TRAVEL: Tunisia - finding its feet post revolutionBy Rebecca Younger
January 02, 2013
DECEMBER 2010 was a time of political revolution in Tunisia. Locals took a stand against the undemocratic government, which led to the ousting of President Zine El-Abidine Ben Ali.
With the revolt came violence and mass demonstrations, causing a huge dip in tourism – a trade Tunisia had grown to rely on.
Two years have passed since the uprising that kick-started the Arab Spring and what has emerged is a proud north African country, keen to showcase its new-found freedom and optimism.
Many people were scared off by the revolution and gave Tunisia a wide berth last year but it seems British visitors are finally heading back and they are being welcomed with open arms.
According to the Tunisian National Tourism Office, visitor numbers increased this summer by 50% on last year.
Just a two-and-a-half hour flight from the UK, Tunisia offers more than 700 miles of sandy beaches, a plethora of five-star hotels and an almost unrivalled reputation for its Thalasso spas.
Evidence of the unrest remains within the capital of Tunis. A plaque bearing the date President Zine El-Abidine Ben Ali was forced into exile (January 14 2011) stands proudly in the city centre and you’ll still find battered police vans on the corner of most streets. However, you don’t have to venture far to return to normailty.
The city’s medina, for example, offers a true taste of the traditional way of life. Haggle for local produce in the maze of souks and then head to Dar Bel Hadj – a restaurant serving traditional Tunisian cuisine hidden along Rue Des Tamis.
The Bardo museum, on the outskirts of Tunis, offers another insight into Tunsia’s heritage, showcasing a major collection of ancient mosaics, the oldest dating back to the second century.
By contrast, in the nearby coastal town of Gammarth, you’ll find a number of modern, luxury beachfront hotels including the Ramada Plaza, a 309-room hotel brimming with friendly staff desperate to take care of your every need – albeit at a slightly slower pace than you might be used to back home.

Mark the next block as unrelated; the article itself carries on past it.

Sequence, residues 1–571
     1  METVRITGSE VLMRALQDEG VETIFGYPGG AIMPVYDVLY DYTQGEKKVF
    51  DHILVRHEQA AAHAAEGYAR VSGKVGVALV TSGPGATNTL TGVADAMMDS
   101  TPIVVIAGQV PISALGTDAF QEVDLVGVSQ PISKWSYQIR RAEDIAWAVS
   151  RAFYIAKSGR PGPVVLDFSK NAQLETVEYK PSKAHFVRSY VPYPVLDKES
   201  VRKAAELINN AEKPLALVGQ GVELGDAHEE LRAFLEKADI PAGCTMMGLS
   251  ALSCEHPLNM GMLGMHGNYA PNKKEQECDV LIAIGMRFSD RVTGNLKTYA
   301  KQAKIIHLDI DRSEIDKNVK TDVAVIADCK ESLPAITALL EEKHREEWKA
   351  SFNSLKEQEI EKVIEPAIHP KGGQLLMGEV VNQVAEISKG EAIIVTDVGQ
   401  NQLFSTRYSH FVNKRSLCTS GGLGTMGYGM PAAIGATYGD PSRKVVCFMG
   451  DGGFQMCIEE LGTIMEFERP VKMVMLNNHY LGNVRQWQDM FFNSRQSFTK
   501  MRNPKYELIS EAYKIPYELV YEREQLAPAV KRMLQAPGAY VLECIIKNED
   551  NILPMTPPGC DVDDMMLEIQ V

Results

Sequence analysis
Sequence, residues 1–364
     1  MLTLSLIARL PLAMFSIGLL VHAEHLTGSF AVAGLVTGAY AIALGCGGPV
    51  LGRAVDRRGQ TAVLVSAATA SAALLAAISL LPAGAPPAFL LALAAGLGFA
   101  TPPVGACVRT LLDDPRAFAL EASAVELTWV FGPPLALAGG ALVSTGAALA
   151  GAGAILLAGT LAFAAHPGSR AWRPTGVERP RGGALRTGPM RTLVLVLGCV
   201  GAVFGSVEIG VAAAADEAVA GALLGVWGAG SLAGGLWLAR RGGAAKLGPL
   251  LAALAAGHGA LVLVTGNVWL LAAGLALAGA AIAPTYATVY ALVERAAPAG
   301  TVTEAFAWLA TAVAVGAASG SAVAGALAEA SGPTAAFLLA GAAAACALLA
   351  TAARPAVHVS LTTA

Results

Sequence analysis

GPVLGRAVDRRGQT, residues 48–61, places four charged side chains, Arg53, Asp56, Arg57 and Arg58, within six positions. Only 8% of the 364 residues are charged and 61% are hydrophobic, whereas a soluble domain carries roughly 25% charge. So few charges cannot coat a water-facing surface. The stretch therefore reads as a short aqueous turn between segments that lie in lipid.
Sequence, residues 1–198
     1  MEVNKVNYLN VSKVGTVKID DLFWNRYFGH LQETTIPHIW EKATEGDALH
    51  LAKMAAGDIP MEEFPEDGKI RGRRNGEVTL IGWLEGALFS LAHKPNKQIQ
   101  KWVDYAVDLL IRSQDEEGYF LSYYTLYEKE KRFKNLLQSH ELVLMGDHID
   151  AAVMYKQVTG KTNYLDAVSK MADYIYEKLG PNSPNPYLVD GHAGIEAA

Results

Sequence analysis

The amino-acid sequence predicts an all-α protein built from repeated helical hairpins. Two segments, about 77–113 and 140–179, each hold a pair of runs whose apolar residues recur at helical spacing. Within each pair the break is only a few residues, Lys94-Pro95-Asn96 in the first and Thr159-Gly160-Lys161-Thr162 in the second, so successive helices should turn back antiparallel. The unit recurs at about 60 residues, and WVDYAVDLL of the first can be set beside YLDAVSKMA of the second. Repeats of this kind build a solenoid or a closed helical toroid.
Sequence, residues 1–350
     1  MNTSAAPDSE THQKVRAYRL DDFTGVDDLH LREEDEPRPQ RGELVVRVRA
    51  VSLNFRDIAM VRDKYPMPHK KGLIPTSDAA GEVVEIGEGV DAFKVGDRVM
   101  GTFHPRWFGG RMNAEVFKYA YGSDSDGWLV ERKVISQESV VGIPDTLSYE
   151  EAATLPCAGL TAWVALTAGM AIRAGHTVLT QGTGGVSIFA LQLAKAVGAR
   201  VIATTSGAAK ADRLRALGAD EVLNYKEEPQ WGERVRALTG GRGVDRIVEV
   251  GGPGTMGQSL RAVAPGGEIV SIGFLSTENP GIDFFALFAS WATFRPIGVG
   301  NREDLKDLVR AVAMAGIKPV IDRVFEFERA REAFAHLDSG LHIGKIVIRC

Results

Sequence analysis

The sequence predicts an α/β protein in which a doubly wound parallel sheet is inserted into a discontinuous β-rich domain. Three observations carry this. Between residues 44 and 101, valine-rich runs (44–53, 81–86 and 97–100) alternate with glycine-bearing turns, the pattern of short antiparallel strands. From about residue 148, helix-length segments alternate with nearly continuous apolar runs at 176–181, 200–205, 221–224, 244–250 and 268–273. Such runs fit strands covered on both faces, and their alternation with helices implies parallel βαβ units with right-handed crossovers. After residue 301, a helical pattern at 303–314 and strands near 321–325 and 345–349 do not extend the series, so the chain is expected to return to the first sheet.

With such attentive staff, an impressive pool and a private sandy beach, tickled by the calm, shallow waters of the Mediterranean, it would be easy to spend the entire holiday within a five-metre radius of your sun lounger but that would seem a waste as Tunisia has much more to offer than the typical package holiday.
The surrounding suburbs of Tunis are made up of a succession of small towns and are well worth a visit to experience true Tunisian culture.
The once-hidden city of Carthage is breathtaking, while Sidi Bou Said, a picturesque hilltop village lined with pretty blue and white houses, is a bohemian sanctuary.
Travel a few kilometres south and you’ll find Hammamet, the first tourist destination in Tunisia. Here, you will find plenty of restaurants, including Sidi Slim, which serves tasty seafood dishes and traditional Tunisian delicacies.
These picturesque spots have been pulling in tourists for years but travel further inland and you will soon come across some hidden gems, as well as a few secrets Tunisia has been harbouring for decades.
In Zaghouan, you’ll find the Water Temple – a Roman temple encompassed by the mountainous landscape that makes up the national park of Djebel Zaghouan.
The temple marks the site of an aqueduct and a canal network built in the second century BC to carry water from Zaghouan to Carthage more than 130 kilometres away.
Here you will also find Dar Zaghouan, a guest house and restaurant that is leading the way in terms of the country’s eco-tourism and produces olive oil and honey – two of Tunisia’s largest exports.
In fact, Tunisia’s soil and Mediterranean climate make it ideal for producing many varieties of grapes. If you take anything back with you, make sure it’s a bottle of Selian (local wine).
One thing you are not able to take out of the country, however, is currency. Although hotels are happy to change English sterling for Tunisian dinar when you arrive, you might struggle to get it changed back at the end.
Even currency exchange at the airports fail to stock sterling so it’s best to use up your dinar money before the end of your holiday.
- Rebecca travelled with the Tunisian National Tourism Office.
- Tunisair operates five flights a week from London Heathrow to Tunis. Prices start at £190, including taxes. For reservations call 020 7734 7644 or go to www.tunisair.com.
- Rooms at the five-star Hotel Ramada Plaza in Gammarth start at £101 per night, based on two sharing a double room on a bed and breakfast basis. For more information, or to book, go to www.ramadaplazatunis.com/anglais.
- For all your travel needs and information on what’s happening in Tunisia go to www.cometotunisia.co.uk.